Designed as a closed sotsgorodok, or Soviet-style factory town, Uralmash was the original home for the giant industrial manufacturer that is the Ural Machine-building Factory (also known as Uralmash). Now, it’s a suburb of northern Yekaterinburg whose architecture is astounding in both its asceticism and splendour. Go to the First Five-Year Plan Square where you can see the Uralmash factory gates on one side, and then turn around for a view of the Madrid Hotel. Then, walk along Bulvar Kultury to the Ordzhonikidzevsky Cultural Centre. It’s difficult to get lost thanks to the elegant crosshatch of parallel streets and boulevards which regulate the movement of vehicles and pedestrians. Residents of Uralmash are known for having a strong sense of belonging – don’t let them see you confusing Uralmash for Elmash, which lies on the opposite side of Prospekt Kosmonavtov. In the 1990s, Uralmash was ruled by the mafia. During that time the Uralmash syndicate was engaged in a turf war against the Tsentroviye city centre gang and to this day horror stories are told about the conflict. Every epoch leaves its imprint on a city’s appearance, but what is incredible in Uralmash is that all these temporal layers are still there to see.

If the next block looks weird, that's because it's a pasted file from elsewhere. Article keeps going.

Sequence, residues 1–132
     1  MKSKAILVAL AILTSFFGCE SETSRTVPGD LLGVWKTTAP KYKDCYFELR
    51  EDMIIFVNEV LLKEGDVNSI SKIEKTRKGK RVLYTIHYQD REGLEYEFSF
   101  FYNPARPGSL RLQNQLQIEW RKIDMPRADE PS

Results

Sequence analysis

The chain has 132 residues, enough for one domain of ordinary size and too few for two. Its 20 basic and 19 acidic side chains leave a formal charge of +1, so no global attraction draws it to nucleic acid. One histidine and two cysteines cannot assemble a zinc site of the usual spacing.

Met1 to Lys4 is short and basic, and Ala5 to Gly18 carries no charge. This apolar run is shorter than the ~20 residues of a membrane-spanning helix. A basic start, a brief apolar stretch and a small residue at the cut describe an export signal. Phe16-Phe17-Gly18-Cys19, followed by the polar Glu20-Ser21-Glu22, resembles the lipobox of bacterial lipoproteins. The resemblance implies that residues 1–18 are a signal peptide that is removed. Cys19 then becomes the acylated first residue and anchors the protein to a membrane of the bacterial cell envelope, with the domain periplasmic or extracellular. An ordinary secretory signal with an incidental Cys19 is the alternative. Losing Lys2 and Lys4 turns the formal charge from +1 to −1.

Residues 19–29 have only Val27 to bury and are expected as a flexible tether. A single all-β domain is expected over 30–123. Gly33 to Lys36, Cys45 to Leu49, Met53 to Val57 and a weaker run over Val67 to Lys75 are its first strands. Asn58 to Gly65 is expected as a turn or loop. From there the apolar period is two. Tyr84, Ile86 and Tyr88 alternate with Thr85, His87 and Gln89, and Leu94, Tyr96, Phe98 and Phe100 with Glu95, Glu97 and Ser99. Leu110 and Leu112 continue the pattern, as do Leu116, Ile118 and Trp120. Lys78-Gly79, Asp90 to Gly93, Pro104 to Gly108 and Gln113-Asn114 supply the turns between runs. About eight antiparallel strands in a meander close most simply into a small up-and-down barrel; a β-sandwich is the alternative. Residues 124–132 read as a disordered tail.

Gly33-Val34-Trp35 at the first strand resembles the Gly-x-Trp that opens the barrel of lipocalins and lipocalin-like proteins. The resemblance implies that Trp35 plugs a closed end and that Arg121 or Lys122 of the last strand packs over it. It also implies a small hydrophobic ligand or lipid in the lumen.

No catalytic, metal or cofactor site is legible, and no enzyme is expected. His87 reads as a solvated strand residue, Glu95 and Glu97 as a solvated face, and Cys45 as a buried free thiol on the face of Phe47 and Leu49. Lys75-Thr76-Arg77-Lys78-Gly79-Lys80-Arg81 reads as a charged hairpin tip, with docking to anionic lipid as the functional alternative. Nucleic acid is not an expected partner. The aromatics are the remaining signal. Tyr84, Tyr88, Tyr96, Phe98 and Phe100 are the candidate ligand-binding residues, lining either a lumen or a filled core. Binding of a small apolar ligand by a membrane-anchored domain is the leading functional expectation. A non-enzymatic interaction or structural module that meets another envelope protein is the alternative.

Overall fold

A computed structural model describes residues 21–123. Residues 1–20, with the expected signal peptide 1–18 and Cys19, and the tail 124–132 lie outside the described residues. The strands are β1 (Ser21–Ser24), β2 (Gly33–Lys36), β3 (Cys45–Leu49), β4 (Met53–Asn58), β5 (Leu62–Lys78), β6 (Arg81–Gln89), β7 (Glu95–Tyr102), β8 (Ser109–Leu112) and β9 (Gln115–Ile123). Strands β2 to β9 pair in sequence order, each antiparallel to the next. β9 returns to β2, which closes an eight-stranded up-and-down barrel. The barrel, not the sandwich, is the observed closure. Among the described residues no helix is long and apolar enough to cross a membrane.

Metro station: Uralmash

White Tower

The white water tower on the edge of Uralmash, built in the 1930s, is a masterpiece of Constructivist architecture and has become something of an emblem of the city. It was built as part of a project overseen by architect Moisey Reicher. Long disused, the tower stood abandoned for many years before it was saved by a group of activist architects, who organised for a restoration and created a museum of the history of the tower. Today, you can climb to the top, where a huge vat of water used to stand, and even higher to the observation deck, which offers stunning views over Uralmash and the forest by Shuvakish Lake.

Address: 2a Building 1, Bakinskikh Komissarov Street

‘Foresters of Russia’ Lesopark